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Project ID: 2002ID3B

Title: Factors Controlling the Availability of Phosphorus for Transport into Surface Waters from Manure Amended Soils in Southern Idaho

Project Type: Research

Focus Categories: Water Quality, Groundwater, Non Point Pollution

Keywords: Phosphorous-Index, Eutrophication, Manure Disposal

Start Date: 03/01/2002

End Date: 02/28/2003

Federal Funds: $14,314

Non-Federal Matching Funds: $24,936

Congressional District:

Principal Investigator:
Daniel Strawn
University of Idaho


In Idaho crop and animal production are the primary economic industries. These activities have made Idaho one of the top food producers in the nation (e.g., currently #6 in dairy production in 1999) (Gerhardt and Kurtz, 2000). However, to maintain this productivity it is critical that the impacts of agriculture on the natural environment be minimized. For example, in southwestern California many of the dairy farms are leaving the region because the costs for reducing pollution became too great. Recently the U.S. Geological Survey (1999) and EPA (1996) identified eutrophication as the most ubiquitous water quality impairment in the U.S. (Sharpley, 2000). Eutrophication is caused by excess nutrient loading into surface waters, in particular phosphorus (P) and nitrogen (N). Phosphorus is often found to be the limiting nutrient in eutrophication because it has a decreased mobility compared to N. However, due to intensive animal manure and fertilizer application onto soils, P transport into the surface waters has increased. The goal of this study is to investigate the availability of P as a function of its molecular form and soil type.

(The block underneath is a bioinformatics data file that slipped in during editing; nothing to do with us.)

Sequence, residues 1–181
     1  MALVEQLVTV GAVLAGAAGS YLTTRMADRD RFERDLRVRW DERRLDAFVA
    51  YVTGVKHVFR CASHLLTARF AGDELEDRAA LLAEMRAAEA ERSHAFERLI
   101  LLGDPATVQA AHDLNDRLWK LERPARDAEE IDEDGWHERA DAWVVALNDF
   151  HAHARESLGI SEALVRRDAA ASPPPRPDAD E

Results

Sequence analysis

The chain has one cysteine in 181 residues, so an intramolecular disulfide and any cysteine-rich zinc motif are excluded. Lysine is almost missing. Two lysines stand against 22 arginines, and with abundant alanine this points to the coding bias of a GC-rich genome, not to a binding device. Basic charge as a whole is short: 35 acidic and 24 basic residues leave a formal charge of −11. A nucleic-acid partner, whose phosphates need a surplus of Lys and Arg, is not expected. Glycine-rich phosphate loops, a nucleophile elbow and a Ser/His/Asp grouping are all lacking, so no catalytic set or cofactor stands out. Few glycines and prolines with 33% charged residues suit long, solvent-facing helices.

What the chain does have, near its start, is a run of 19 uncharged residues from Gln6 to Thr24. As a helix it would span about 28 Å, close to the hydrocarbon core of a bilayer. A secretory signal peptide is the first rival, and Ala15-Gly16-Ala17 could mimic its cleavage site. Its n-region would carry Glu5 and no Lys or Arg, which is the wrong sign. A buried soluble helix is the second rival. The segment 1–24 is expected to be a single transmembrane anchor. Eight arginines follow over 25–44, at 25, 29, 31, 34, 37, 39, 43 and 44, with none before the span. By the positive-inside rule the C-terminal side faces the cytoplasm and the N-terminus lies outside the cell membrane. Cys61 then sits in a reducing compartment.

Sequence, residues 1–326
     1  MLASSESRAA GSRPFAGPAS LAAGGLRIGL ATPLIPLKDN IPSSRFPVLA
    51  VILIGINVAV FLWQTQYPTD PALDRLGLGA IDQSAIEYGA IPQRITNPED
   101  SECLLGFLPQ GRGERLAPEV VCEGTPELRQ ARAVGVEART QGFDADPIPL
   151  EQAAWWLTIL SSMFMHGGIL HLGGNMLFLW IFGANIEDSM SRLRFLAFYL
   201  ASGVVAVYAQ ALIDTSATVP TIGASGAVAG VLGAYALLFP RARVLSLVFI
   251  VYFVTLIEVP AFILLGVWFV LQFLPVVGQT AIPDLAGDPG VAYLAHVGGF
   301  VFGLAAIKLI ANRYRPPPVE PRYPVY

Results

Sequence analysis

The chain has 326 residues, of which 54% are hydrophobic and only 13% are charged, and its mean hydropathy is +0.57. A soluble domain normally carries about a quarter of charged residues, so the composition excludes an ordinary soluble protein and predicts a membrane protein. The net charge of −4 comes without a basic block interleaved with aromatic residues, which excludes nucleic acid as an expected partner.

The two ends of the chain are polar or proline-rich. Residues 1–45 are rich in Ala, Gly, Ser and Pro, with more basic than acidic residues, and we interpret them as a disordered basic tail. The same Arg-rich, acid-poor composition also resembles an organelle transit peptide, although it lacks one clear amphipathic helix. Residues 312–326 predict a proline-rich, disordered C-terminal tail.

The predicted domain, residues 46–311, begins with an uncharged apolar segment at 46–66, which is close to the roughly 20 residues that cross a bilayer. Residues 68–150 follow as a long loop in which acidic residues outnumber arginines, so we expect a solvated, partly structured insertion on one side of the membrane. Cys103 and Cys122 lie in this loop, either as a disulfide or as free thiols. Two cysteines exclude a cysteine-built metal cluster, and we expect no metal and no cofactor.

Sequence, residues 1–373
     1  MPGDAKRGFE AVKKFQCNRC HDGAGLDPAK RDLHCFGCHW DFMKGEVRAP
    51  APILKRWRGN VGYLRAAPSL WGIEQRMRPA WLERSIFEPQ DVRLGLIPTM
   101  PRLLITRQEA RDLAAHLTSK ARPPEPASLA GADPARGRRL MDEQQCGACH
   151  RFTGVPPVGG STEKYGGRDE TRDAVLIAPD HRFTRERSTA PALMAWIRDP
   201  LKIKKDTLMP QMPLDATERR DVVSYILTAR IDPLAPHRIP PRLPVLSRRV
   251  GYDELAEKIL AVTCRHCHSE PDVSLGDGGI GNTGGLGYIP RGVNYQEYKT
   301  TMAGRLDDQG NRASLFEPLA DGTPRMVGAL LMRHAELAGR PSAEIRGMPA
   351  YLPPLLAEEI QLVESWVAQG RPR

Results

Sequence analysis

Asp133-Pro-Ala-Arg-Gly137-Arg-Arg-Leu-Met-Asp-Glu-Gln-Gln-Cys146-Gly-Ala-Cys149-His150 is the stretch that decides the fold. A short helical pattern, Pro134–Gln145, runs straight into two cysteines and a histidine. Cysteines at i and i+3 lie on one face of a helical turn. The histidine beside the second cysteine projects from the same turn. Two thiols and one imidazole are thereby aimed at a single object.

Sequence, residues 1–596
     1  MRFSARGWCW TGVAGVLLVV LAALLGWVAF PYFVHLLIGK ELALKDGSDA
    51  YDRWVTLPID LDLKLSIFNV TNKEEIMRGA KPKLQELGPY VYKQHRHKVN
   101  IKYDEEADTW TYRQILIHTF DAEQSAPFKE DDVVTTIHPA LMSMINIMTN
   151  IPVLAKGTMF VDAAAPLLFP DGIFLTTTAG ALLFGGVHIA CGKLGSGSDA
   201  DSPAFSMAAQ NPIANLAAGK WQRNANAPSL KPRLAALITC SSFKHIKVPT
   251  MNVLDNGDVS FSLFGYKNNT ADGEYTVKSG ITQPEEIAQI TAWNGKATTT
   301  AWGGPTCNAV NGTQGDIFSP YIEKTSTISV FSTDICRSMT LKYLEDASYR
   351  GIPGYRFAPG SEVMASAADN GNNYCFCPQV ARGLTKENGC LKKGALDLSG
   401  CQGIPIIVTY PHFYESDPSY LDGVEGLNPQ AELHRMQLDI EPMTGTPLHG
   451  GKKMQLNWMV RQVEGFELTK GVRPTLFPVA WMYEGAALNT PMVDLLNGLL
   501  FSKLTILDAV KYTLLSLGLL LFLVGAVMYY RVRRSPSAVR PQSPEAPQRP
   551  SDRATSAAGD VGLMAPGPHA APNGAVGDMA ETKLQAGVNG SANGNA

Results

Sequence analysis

Progress/Completion Report PDF

U.S. Department of the Interior, U.S. Geological Survey
Maintained by: John Schefter
Last Updated: Thursday June 24, 2004 3:18 PM
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